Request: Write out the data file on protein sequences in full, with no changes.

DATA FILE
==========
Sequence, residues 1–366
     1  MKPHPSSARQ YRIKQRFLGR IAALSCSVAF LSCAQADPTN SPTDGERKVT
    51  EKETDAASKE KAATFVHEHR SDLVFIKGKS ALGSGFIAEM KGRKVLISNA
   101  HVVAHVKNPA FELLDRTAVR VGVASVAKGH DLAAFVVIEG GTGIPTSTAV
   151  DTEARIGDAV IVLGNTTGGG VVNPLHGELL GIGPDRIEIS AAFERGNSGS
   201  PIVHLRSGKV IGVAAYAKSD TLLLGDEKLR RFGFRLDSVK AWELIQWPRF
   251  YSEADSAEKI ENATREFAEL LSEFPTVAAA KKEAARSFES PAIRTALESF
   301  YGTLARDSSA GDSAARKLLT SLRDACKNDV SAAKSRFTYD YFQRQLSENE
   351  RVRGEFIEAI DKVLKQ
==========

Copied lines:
Sequence, residues 1–366
     1  MKPHPSSARQ YRIKQRFLGR IAALSCSVAF LSCAQADPTN SPTDGERKVT
    51  EKETDAASKE KAATFVHEHR SDLVFIKGKS ALGSGFIAEM KGRKVLISNA
   101  HVVAHVKNPA FELLDRTAVR VGVASVAKGH DLAAFVVIEG GTGIPTSTAV
   151  DTEARIGDAV IVLGNTTGGG VVNPLHGELL GIGPDRIEIS AAFERGNSGS
   201  PIVHLRSGKV IGVAAYAKSD TLLLGDEKLR RFGFRLDSVK AWELIQWPRF
   251  YSEADSAEKI ENATREFAEL LSEFPTVAAA KKEAARSFES PAIRTALESF
   301  YGTLARDSSA GDSAARKLLT SLRDACKNDV SAAKSRFTYD YFQRQLSENE
   351  RVRGEFIEAI DKVLKQ